"Characteristic of such dietetic regimes (régime diétetique) is the view of mushrooms as 'anti-food'. This view is testified to by legends about the fact that at one time, a time prior to the beginning of 'culture' and the emergence of the first culture hero, the ancestors of the given collective ate mushrooms (cf., for example, certain myths of the Mundurucu and Tucuna tribes cited and analyzed by Lévi- Strauss, or Russian nicknames of the type griboedy 'mushroorn-eaters'). Often the refusal to use mushrooms in cooking is connected with one of the first and most important acts of the culture hero of the given tradition and is equated to the transition from the state of 'nature' to that of 'culture'. Mushrooms as food are usually identified with the mold or fungus that, in many versions of such myths, appears on the hero's corpse. Such myths go back to a period prior to agriculture or cuisine, the introduction of which resulted in the formation of the oppositions raw-cooked, rotten-fermented (cf. the opposition honey-beer). From the point of view of the 'culture' as a whole, mushrooms begin to be viewed as something related to death and hunger (as is the case among many South American Indians), as the food of the dead (the Ojibwa Indians), as excrement, often that of celestial objects (e.g. of thunder among the Siciatl or Seechelt Indians, of the rainbow among the Toba Indians and so on). Yet many cultural traditions with such a negative attitude toward mushrooms, once they have made the transition from 'nature' to 'culture', turn to mushrooms with more particular needs. (Cf. the burning of mushrooms for the archetypal conception, a function of sorts, that may be embodied in a whole series of concrete signs, mushrooms being only one of them). If one is attempting to define this function and the conceptions, legends, myths, etc. corresponding to it, then, naturally, one must turn to the whole class of objects which are synonymous (isofunctional) in the given relation. In general, we can state that the objects are chosen in such a way that the opposition of active, penetrating and passive, penetrated (receptive) principles is particularly underscored. Such a structure permits one to define the function and pragmatics of this entire relation as the overcoming of disconnectedness, the achievement of a state of unity, of primeval fullness and self-sufficiency." Leaving aside for the moment an examination of these two principles, it is sufficient to limit ourselves here to three remarks.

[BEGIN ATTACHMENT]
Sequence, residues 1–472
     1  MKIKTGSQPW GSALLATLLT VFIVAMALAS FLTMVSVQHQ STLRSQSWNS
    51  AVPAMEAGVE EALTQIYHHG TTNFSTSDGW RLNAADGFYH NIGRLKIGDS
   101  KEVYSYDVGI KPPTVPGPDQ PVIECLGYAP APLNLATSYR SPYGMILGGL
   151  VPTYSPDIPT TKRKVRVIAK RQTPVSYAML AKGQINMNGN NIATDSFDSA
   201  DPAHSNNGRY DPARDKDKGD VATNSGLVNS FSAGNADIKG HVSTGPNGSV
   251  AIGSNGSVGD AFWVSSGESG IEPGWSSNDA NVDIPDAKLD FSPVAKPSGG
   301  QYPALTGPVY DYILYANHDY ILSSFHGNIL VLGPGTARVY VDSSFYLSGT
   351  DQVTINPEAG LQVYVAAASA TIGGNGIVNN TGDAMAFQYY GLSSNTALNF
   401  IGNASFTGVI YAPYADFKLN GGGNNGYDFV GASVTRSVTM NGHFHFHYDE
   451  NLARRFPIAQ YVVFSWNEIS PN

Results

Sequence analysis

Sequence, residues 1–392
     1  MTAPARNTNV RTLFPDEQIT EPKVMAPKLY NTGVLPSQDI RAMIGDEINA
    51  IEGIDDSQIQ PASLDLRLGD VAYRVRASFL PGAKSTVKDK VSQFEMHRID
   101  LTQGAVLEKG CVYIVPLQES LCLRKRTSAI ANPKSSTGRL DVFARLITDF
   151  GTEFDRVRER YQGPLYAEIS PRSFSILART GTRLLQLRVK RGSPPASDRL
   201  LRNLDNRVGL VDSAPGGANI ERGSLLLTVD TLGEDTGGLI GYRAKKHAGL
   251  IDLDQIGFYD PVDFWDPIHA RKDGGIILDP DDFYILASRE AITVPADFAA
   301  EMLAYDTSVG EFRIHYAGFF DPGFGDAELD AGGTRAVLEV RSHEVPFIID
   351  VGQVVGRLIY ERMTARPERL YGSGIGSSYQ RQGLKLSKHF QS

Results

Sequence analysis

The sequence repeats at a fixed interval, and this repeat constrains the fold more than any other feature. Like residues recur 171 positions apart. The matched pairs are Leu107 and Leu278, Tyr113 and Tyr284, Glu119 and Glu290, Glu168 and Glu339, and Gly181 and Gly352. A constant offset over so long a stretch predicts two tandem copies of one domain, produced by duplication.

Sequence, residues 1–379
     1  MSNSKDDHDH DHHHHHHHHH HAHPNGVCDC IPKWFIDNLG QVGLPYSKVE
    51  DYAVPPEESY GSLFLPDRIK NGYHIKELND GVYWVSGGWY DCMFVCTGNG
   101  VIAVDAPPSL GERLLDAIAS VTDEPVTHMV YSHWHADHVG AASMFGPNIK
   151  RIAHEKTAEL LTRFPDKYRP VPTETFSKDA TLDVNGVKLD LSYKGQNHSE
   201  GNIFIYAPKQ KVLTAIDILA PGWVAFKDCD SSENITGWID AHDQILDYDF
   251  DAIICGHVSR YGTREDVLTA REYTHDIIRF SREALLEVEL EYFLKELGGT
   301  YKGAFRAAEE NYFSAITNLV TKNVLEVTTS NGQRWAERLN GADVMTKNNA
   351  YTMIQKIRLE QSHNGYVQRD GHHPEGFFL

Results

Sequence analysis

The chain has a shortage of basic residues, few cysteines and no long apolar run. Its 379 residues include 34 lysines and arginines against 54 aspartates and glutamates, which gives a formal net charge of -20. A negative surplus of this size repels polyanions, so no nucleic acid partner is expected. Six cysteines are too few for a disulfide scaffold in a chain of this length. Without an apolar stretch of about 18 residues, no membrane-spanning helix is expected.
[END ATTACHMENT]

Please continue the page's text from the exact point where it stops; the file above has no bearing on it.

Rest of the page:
The first of them has the aim of establishing a certain temporal reference point in the development of these forms (convex: concave, round: pointed, and the like). This has to do with the fact that the ancient megalithic culture reflected by monuments extending in space from the Mediterranean to India, Tibet, China and Indochina, used objects which embody these oppositions. The evolution of these objects led to the appearance of such structures as the stupa, the pagoda, and so on, on the one hand, and the pillar, the pole, the scepter, the Vajra, and so on, on the other hand. (It should be emphasized that both types of objects have a direct relation to funerals and weddings.) Moreover, in several traditions the semantics of these objects was preserved with extreme clarity; cf. the distinctly expressed phallic meaning of the pole Ma-ni or its diachronic variant, the arrow, the spear, and so on, in Tibet. (Incidentally, one or another of such forms may have entered as well into a set of other identifications.)
The second remark relates to the umbrella or parasol as the isofunctional object which is most clearly linked with mushrooms. Inasmuch as the identification of these two objects assumes, in many cases, a sufficiently direct character (cf. the names of mushrooms,' riddles," symbolism," and so on), the complementary data relating to the image of the parasol and its unconscious reflections in mythology and symbolism may be used, albeit with care, in a semiotic analysis of the image of mushrooms as well.
The third and last remark is aimed at directing attention toward the purely hypothetical, but in principle quite important, assumption that visual images for the convex and concave, which are constructed by identical forms conversely positioned to form an opposition, may corre- spond to linguistic expressions built precisely according to the same principle and used correspondingly as names of mushrooms. Moreover, in some cases, it is quite probable that such 'converse' linguistic expressions were used precisely for the differentiation of 'masculine' and feminine' types of mushrooms. We have in mind the successors in various languages of two nostratic roots which are in a relation of metathesis one to the other, namely *b/p-N-g/k-:*g/k-N-b/p- (where N is a nasal irchephoneme) or, on the Indo-European level, *bhoNg-:*goNbh-. Cf., on the one hand, Uralic *paqg-1*poqg- (cf. Mordvin [Mordva] payga, o, Cheremis [Mari] poyge, pagge, Hanty Ostyak [Khanty] poyx, payx, yga, Vogul [Mansi] paqx, pi,7ka), Paleosiberian *poy (cf. Ket haYgo, Yukagir [Odul], Chukchi, Koryak, Kamchadal [Itelman], and others, all extinct)," Indo-European - Ancient Greek u7r6yyoq, u7r6yyq, o-(p6yyoq, Latinfungus, and so on, and, on the other hand, Slavic gpba (Old Indic gabhd-), Hungarian gomba (cf. bolondgomba 'mad mushroom', similarly German Narrenschwamm, Serbo-Croatian ljula g1jiva, and so on), Lithuanian guthb(r)as, Old Icelandic kumbr, and others. In the capacity of io paUg pa semantically marked members, cf. Ket haygo in connection with the igend mentioned above and Slavic gpba in its two meanings. If this hypothesis is correct, it opens the way toward the explanation of a series of other words which, until now, have also remained etymologically unclear. Finally, it is not to be excluded that words of this root may occur in other languages as well."
—V. N. Toporov "On the semiotics of mythological conceptions about mushrooms"